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The Devil You Know

Rape Is Never Fair, Especially If the Rapist Is Untouchable. But Until Jeri Elster Stepped Forward, California's Rape Laws Weren't Fair Either.

January 27, 2002|MELBA NEWSOME | Melba Newsome is a freelance writer living in Matthews, N.C

Jeri Elster glances over the top of her glasses from time to time as she plows through her prepared speech. She looks nervous and fragile. Two weeks after completing chemotherapy and radiation treatments for breast cancer, her skin is parched and drawn, her head covered by more fuzz than hair. While her prognosis for a full recovery looks good, it's too early to declare her a cancer survivor. Besides, she's not here to talk about cancer.

The mission she took on in the wake of an epic injustice can't wait. Elster has come to Sacramento to tell a group of politicians about surviving another attack on her body--the kind authorities say happens every two minutes in America.

"My name is Jeri Elster. I am a rape survivor," she tells the California Assembly's Public Safety Committee. "I will never forget his face or his voice--the memories continue to haunt me. I will live with this trauma the rest of my life. I am here to put a human face on the ramifications of the current laws governing sexual assault."

The date was Feb. 29, 2000, the first time Elster had spoken so publicly about the attack. She hasn't stopped talking since.

Motion-detector lights spring on as soon as i step onto the sidewalk in front of Elster's neat Westchester home. As I approach the door, two dogs are at the front window, barking loudly. The sound of the doorbell kicks them into high gear. Elster shuffles to the door, calling to them to settle down as she flips the lock. Frankie and Johnny ignore her. After I'm well-sniffed, Elster herds them out into the backyard, then turns and smiles at me.

Her hair, short now by design, is tinged with gray. Elster has just completed the 60-mile route from Santa Barbara to Malibu as part of the Avon 3-Day Breast Cancer Walk, and it still hurts to move. "I've got blisters on top of my blisters," she says as she moves to a dining room chair and sits. Nevertheless, her blue eyes light up as she offers something to drink.

This is the house she fell in love with and managed to buy when the real estate market took a dive in 1991. This is where she ran her home-based word processing and graphic arts business. This is also where a brutal attack transformed her life. Thus the lights, the dogs, the special windows and the solid wood doors.

On Aug. 27, 1992, Elster fell asleep face down in bed while watching TV at 1 a.m. She never heard the man cut the screen on her back window. She slept soundly while he rummaged through her laundry on the back porch. When she woke with a start, she was unable to move her arms or legs. He was sitting on top of her, tying her hands behind her back. She looked over her right shoulder and got a glimpse of the outline of his head.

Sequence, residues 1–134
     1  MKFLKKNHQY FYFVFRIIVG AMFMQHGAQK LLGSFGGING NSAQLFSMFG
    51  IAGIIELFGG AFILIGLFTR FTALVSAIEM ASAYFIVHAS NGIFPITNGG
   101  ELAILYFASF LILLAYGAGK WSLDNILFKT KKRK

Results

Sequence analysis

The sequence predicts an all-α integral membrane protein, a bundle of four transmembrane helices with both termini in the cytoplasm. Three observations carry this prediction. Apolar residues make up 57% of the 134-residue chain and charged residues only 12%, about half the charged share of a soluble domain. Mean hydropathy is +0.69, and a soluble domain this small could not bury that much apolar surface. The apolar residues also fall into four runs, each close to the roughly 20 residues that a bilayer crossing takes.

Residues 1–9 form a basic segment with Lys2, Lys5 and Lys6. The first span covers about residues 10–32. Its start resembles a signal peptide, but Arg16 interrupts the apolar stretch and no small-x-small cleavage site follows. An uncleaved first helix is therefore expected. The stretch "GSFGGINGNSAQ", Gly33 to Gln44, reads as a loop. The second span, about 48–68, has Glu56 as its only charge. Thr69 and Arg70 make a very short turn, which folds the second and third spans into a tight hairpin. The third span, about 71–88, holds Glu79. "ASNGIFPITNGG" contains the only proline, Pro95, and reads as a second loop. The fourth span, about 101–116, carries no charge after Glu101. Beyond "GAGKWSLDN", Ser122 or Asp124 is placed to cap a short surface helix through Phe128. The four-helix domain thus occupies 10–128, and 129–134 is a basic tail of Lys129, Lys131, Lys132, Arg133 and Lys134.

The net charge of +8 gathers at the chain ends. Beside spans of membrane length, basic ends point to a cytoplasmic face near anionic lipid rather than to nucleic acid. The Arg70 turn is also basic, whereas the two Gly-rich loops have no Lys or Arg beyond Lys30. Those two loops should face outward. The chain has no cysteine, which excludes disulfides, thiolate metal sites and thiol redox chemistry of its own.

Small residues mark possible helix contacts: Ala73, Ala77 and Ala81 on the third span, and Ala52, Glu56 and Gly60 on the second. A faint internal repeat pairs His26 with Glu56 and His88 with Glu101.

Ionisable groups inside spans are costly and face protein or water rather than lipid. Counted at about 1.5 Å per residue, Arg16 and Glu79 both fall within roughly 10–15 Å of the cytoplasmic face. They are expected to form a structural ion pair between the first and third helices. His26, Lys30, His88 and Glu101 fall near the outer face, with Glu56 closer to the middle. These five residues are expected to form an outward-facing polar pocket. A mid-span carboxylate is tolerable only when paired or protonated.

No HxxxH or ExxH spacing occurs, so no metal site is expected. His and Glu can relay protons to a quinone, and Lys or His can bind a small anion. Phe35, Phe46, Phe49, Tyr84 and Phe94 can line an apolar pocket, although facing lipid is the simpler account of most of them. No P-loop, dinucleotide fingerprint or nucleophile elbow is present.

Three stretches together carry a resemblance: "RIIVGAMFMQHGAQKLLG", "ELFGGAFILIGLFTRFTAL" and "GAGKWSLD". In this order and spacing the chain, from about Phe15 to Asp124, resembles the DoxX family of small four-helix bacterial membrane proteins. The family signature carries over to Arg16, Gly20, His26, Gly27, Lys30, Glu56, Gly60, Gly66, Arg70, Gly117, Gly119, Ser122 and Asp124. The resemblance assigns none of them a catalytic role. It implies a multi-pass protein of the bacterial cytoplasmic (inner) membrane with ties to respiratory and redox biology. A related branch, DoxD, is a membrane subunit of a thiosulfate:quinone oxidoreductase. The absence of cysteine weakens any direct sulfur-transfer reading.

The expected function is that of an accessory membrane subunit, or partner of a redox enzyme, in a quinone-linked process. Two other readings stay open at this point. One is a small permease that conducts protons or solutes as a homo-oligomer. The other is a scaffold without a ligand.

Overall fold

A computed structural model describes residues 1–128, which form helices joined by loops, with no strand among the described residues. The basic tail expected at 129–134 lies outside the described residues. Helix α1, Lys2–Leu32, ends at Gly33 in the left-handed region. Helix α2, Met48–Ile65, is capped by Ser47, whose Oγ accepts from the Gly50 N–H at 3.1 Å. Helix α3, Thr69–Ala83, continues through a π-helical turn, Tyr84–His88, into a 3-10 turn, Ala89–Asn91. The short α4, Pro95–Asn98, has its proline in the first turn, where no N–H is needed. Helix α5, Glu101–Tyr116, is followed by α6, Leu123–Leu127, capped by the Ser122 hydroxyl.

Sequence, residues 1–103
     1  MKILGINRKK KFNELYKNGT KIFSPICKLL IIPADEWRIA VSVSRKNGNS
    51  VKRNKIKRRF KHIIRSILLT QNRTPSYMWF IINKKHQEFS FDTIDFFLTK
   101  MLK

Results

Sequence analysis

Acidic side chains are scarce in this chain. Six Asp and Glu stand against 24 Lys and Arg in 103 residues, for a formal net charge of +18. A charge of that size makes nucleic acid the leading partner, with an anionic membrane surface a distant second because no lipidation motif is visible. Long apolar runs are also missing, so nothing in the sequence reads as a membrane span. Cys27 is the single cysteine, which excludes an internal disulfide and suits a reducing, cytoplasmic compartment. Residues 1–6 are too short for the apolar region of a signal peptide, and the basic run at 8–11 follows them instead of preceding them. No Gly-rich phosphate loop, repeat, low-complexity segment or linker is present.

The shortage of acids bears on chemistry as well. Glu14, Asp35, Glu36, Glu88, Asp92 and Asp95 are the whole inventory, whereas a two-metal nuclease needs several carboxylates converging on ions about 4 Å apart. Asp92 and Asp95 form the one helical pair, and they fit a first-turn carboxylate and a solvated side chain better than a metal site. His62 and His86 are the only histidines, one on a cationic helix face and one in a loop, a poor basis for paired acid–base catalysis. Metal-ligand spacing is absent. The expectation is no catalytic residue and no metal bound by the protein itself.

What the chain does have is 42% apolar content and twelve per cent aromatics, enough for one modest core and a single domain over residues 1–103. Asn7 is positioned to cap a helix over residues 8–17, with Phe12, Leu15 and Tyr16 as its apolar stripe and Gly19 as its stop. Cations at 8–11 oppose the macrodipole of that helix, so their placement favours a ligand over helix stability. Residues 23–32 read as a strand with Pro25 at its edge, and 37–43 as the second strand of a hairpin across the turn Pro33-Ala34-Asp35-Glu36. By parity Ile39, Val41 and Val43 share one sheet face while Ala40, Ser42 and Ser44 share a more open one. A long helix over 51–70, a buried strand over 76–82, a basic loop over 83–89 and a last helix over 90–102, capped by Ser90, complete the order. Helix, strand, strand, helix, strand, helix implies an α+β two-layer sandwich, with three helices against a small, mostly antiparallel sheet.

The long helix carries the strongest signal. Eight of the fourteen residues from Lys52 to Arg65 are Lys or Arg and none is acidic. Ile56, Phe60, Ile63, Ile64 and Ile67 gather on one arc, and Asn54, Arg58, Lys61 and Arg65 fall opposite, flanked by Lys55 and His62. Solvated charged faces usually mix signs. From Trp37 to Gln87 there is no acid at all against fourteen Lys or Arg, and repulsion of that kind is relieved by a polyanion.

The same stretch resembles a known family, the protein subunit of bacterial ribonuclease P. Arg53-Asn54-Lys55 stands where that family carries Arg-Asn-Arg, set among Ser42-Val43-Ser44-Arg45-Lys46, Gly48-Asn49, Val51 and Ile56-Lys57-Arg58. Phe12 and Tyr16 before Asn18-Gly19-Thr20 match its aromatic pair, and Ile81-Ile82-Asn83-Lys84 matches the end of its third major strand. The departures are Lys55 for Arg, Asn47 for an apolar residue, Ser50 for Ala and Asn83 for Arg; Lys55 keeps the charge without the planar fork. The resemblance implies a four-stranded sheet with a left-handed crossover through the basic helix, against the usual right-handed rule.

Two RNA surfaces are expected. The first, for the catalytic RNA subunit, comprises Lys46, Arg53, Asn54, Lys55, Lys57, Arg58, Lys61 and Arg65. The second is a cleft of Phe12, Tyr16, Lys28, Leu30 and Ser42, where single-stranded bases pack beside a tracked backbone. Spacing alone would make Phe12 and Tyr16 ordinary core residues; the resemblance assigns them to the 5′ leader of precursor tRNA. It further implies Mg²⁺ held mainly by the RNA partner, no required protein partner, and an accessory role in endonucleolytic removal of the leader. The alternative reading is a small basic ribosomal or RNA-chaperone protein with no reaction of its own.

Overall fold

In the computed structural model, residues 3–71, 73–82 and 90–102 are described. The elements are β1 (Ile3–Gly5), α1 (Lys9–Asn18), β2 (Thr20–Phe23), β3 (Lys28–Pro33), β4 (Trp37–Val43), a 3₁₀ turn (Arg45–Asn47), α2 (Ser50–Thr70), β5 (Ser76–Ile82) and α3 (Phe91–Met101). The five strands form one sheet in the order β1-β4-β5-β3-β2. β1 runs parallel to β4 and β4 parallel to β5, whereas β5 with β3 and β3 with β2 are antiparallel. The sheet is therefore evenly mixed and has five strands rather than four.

"If you do that again, I'll kill you," he told her before wrapping her head in a blanket. She couldn't struggle or scream as he blindfolded her and proceeded to cut off her clothes with a pair of scissors he'd taken from her kitchen drawer. For the next 2 1/2 hours, he raped and sodomized her, stopping periodically to vandalize and rob her while she lay helpless and blind.

"I tried to remember everything I could about him--the sound of his voice, the outline of his head. Just in case I lived. But by the time it was over, I was praying to die." Finally, when the house went quiet and she suspected he was gone, Elster rolled to the edge of the bed, dropped to the floor on her knees and crawled into the bathroom to get her cuticle scissors to cut the restraints. Bleeding and bruised, she called 911. Police took her to the rape crisis center at Santa Monica Hospital.

Later she recounted to police the attack--every dehumanizing detail. Her house was a crime scene. Officers dusted for fingerprints, collected her clothes, the bedding and anything else they considered evidence. When they left, Elster was alone to clean up the mess that had been made in her home and her life.

This is a story the 49-year-old Elster now has told dozens of times to lawmakers, rape support groups, radio, TV and newspaper reporters--to anyone willing to hear it. Recounting it, she seems almost removed, as if it happened to someone else. But the brief flash of pain in her blue eyes makes clear that it still hurts.

The story of a rape isn't unusual, but Elster's has a twist: She knows the name of the man of who raped her. So do law enforcement authorities. Yet, California law at the time his name was discovered ensured that Elster's attacker will never be prosecuted for what he did to her. Changing that law gave Elster a new mission in life.

long after that 1992 attack, elster learned that the process of finding a rapist leaves much to be desired. If there is no suspect, police take a report and file the matter as a "pending" case. Instead of being analyzed for a DNA match in a criminal database, evidence collected for a rape kit is tagged, numbered and shelved along with thousands of others in an evidence cooler at the Los Angeles Police Department crime lab.

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